Dear Miss A,
My mother married my step-father when I was eight. He is a wonderful man who has influenced my love of politics, my sense of humor, and my sense of family. I know it is possible to be loved by people who aren’t really obligated, because I am sure that he loves me. The trouble is, his family made me feel exactly the opposite. My step-grandmother and step-uncle have been horrible! They are passive-aggressive, catty, and hypocritical. They have undermined me emotionally, bad-mouthed me to relatives and family friends, and publicly disapproved of every goal I have ever set for myself.
When I was a little child, I never noticed it. But my mother noticed, and I think that was the real reason they did it. They knew I wouldn’t understand, and they knew their comments about and to me would infuriate my mother. And I think that the way I feel about these people is a little bit my mother’s fault–I think if she had kept quiet about it, I wouldn’t have had to acknowledge it and make a final stand for myself by cutting them out of my life. I think my mother wanted me to know that what they were doing was wrong not because she wanted to prevent me pain (she causes plenty of it herself) but because she wanted to live vicariously through me. She wanted me to cut them out of my life because she didn’t feel that she could cut them out of hers.
At Thanksgiving, word reached me that my step-uncle had had a brain aneurysm. Today, the doctors declared him brain dead. I promised my mother that, if my step-dad needs me to go to the funeral, I would go. On one hand, I feel that this is unquestionably the “right” thing to do. But on the other hand, I don’t trust my mother to honestly assess whether my step-dad needs me, and I am stressed out–I have grad school applications due in just six days and I am trying to get a promotion at work. There’s also the sense that I’m being manipulated. Despite my step-uncle’s public disapproval of me, my mother wants to prove, once and for all, that she raised the “better” person. I feel like I am nothing but one big last word.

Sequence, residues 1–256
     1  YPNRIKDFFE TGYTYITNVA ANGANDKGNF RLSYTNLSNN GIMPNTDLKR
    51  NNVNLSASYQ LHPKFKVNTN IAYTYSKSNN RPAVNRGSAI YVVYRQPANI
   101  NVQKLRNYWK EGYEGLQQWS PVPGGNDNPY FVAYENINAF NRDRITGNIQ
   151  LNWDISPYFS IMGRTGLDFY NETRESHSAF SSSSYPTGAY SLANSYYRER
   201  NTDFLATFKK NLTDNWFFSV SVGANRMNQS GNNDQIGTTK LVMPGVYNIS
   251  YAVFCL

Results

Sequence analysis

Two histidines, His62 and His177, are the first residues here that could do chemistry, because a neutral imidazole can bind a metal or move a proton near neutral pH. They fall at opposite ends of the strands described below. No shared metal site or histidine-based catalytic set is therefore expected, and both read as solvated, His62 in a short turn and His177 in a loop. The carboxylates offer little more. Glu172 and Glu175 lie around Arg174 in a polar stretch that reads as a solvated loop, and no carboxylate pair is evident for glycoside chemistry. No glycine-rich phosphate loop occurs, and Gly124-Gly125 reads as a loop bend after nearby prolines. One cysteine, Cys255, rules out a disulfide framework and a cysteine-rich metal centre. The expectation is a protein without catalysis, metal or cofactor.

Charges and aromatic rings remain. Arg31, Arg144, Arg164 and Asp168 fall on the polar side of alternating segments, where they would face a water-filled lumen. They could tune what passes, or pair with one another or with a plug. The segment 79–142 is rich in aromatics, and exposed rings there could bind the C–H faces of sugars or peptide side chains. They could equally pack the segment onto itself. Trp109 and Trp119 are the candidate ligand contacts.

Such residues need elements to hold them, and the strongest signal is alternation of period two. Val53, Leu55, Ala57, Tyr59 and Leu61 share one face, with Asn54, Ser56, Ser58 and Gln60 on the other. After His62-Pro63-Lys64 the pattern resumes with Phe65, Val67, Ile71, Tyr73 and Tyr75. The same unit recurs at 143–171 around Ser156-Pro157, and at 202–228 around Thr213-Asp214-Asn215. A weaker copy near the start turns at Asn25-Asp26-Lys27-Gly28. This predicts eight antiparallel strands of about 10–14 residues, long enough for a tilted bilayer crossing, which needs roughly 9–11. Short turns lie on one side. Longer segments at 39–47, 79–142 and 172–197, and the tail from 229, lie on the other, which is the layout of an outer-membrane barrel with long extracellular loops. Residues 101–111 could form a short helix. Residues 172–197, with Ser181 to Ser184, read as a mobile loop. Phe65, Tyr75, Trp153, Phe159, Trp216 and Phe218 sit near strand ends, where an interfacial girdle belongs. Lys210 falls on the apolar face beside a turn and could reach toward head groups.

What my mother doesn’t know is that she has something of a reputation for being one of those people who gets a thrill on being a part of tragedy.I feel like, if I become The Girl Who Goes to the Funerals of People to Whom She Does Not Speak, then I unwittingly tap into this legacy of being an emotional vampire. I DON’T feel like the bigger or the better person. I feel angry and petty and snobbish for holding on to this for so long. And I feel strangely jealous of my weaknesses. I hate that these small, sad people have any say in the ultimate shape of my character, good or bad.
Lastly, I know that none of these people are the real issue. This isn’t about my mother, my step-grandmother, or my step-uncle. This is about being there for my step-father and step-sister during a difficult time. How do I put this all aside and focus on them? Is it possible to be there for them without flying half way across the country to feign grief and jeopardize my professional dreams?
I don’t think you need to go to this funeral. You were never close to this step-uncle and they live “half way across the country”.
At the end of the day, you are an adult and you can choose to attend or not attend. Don’t let anyone make you feel guilty. Another thing that comes with being an adult is taking good care of yourself. Nobody else will. I don’t want to see you not do your best on your grad school applications, and miss out on a promotion at work because of all this drama. Say you can’t go because of committments here in DC – work and your future. You’ve been a great step-daughter and step-sister in the past, and that will speak for itself.
I suggest that you stay in touch with your step-father and step-sister by phone, and perhaps write a very kind and meaningful card or letter to them to give them strength and support. Think about buying him a book on losing a sibling. I purchased a book a year ago when my ex-boyfriend lost his mother, that I think might be really helpful for you. It’s called How Will I Get Through The Holidays? 12 Ideas for Those Whose Loved One Has Died by James E. Miller. The holidays can be particularly tough for those who have lost a loved one since that is a time we typically spend with our family and closest friends. Also, you may want to think of doing special things for him throughout this first year, which is always the most difficult. Again, it sounds like you’ve been a great step-daughter to him so don’t feel guilty about this one particular event.
– Miss A
Andrea Rodgers is a Dating & Relationship Expert for HealthCentral’s Sexual Health Connection. Email questions to firstname.lastname@example.org.